I’m originally from Matawan, New Jersey. As a young man, scouting gave me the opportunity to explore and fall in love with nature. My favorite camping trip every year was to Sandy Hook, a peninsula that separates the Raritan Bay from the Atlantic Ocean. There, I caught fish, dug in the mud for clams, and collected seashells. For my Eagle Scout Project, I worked with the NY/NJ Baykeeper to organize an oyster gardening program at Cheesequake State Park. They say everyone remembers the first time they ate an oyster, but not everyone can say they remember the first time they grew one.
As an undergraduate at Tufts University, I explored the many realms of biology. With Dr. Kelly McLaughlin, I studied heart development and heart disease in the amphibian model species, Xenopus laevis. With Dr. Jan Pechenik, I studied the effects of hypoxia on a pollution-indicating polychaete, Capitella teleta. Throughout my time at Tufts, I continued working with the NY/NJ Baykeeper and my interest in aquaculture began to flourish.
I’m currently a third-year PhD candidate working with Dr. Daphne Munroe, and I’m an advocate for sustainable aquaculture practices that are beneficial to both farmers and aquatic ecosystem. Broadly, my doctoral research is focused on expanding aquaculture opportunities through ecologically-sound diversification.
I’m investigating the feasibility of Atlantic surfclam (Spisula solidissima) aquaculture. Today, only the Eastern oyster (Crassostrea virginica) and the hard clam (Mercenaria mercenaria) are grown on commercial scales in the northeastern United States, but since the surfclam is native, grows rapidly, and tastes delicious, it has great potential as an alternate crop. I’m working on identifying the optimal nursery and grow-out conditions for surfclam culture, which must be determined before mainstream production can occur. Since surfclams prefer colder water but our region is warming, I am also examining whether heat-tolerance is a heritable trait in this species. This information may inform future surfclam breeding programs.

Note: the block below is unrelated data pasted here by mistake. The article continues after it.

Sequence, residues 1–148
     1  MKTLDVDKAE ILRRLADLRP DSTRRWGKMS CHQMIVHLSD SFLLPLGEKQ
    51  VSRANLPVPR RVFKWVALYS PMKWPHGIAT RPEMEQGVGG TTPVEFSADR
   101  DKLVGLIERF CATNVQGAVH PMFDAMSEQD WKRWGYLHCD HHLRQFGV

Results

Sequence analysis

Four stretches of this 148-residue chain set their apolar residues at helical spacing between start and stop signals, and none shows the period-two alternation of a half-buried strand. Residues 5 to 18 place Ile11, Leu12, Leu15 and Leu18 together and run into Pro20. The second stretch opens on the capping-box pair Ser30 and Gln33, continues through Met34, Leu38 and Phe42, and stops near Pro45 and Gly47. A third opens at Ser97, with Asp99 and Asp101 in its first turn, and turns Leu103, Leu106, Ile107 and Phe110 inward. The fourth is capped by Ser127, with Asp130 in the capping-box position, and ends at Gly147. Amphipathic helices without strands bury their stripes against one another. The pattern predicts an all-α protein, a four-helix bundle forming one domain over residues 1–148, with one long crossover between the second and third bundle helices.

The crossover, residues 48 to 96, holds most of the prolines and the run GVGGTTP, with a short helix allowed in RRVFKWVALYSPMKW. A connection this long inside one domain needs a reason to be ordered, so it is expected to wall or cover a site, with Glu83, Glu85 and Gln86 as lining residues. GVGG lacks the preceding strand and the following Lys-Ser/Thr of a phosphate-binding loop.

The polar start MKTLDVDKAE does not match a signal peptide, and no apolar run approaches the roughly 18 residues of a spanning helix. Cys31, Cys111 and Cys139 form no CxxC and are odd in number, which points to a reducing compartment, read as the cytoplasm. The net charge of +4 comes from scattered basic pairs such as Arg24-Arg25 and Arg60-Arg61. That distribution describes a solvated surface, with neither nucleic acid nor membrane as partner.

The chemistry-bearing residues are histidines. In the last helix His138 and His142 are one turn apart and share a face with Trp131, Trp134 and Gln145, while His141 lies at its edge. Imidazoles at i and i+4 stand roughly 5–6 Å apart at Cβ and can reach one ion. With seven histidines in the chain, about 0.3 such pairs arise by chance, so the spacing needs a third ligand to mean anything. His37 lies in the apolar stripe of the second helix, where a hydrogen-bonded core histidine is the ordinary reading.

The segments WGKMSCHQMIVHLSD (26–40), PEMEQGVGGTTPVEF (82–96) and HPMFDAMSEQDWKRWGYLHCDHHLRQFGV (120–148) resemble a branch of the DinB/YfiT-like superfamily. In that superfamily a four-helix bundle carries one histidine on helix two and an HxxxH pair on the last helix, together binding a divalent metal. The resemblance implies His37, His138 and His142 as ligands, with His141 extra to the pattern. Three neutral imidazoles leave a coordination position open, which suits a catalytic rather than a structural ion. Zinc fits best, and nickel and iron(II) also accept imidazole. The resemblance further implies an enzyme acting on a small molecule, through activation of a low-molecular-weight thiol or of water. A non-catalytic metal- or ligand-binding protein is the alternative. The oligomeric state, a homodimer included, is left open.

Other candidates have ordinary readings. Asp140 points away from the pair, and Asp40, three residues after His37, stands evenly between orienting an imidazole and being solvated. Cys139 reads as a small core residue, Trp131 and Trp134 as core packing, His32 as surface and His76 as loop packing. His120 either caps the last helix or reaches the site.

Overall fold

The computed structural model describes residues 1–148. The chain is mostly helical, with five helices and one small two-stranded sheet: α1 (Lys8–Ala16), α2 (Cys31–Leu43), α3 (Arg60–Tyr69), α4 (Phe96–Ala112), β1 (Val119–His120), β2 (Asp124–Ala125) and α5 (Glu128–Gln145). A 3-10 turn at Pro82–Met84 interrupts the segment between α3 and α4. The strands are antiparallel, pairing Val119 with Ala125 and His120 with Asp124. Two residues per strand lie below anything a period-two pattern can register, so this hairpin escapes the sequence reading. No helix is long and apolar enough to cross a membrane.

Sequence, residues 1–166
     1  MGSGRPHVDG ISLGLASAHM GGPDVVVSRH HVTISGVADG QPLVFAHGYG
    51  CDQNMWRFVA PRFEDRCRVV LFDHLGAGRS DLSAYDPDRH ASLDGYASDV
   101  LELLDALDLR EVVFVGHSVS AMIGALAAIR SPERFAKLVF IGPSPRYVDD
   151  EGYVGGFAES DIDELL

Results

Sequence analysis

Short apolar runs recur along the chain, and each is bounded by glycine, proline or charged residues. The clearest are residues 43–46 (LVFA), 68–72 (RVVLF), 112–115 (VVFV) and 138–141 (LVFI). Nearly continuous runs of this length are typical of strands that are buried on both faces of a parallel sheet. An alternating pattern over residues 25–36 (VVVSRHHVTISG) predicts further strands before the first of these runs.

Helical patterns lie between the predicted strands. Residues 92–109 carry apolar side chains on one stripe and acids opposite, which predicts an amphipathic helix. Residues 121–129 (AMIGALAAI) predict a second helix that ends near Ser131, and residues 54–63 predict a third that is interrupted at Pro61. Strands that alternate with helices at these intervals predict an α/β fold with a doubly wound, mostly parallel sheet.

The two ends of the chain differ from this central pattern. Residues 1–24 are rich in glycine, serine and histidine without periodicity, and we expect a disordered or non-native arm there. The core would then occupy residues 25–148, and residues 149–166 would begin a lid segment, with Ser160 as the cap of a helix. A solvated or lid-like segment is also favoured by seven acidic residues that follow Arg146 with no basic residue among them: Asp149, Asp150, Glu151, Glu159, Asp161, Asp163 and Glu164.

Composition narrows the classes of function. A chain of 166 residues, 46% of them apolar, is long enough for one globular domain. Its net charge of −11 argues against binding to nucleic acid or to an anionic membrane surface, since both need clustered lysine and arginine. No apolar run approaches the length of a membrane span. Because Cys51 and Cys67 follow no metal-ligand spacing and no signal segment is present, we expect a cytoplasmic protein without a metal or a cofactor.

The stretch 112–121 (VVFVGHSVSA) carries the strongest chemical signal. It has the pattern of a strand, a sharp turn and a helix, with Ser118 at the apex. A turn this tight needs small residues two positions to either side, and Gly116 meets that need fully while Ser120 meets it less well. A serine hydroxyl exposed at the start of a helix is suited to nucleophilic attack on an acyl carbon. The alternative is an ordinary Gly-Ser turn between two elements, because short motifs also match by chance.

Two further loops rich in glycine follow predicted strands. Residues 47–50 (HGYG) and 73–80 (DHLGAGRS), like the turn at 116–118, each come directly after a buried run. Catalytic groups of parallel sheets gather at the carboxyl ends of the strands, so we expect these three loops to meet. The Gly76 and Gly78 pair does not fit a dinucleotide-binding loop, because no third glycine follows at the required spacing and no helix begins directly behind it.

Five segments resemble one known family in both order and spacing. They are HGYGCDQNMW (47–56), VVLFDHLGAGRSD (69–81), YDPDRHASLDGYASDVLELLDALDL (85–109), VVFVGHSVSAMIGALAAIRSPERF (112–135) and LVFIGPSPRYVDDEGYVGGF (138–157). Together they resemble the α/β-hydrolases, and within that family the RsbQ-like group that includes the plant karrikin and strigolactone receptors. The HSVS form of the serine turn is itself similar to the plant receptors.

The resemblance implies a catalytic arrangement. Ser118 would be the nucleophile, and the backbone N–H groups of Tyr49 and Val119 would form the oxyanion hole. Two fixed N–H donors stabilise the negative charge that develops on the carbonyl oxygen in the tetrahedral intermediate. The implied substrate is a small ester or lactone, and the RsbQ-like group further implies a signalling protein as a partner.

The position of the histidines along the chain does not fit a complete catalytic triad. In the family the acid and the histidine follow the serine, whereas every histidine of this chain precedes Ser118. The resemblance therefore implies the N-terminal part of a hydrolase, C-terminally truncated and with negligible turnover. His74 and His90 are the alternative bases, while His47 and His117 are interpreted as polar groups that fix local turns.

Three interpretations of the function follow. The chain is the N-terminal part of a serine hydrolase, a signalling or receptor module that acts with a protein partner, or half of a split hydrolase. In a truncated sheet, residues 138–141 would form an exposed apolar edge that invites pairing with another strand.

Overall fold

Additionally, I am exploring the feasibility of bivalve polyculture. In its current state, bivalve farms are artificial ecosystems composed of high-density monocultures. Bivalve polyculture would transform these farms into more diverse and even communities that may lead to greater resiliency, stability, and productivity.
In addition to conducting research, I’m also the President of the Rutgers Ecology and Evolution Graduate Student Association. My priority as president has been to increase outreach activities in an effort to build strong connections between Rutgers and its surrounding communities. In my spare time, I enjoy gardening, cooking, and running.
Congratulations to Mike for being featured on the American Fisheries Society (AFS) website and read his AFS profile!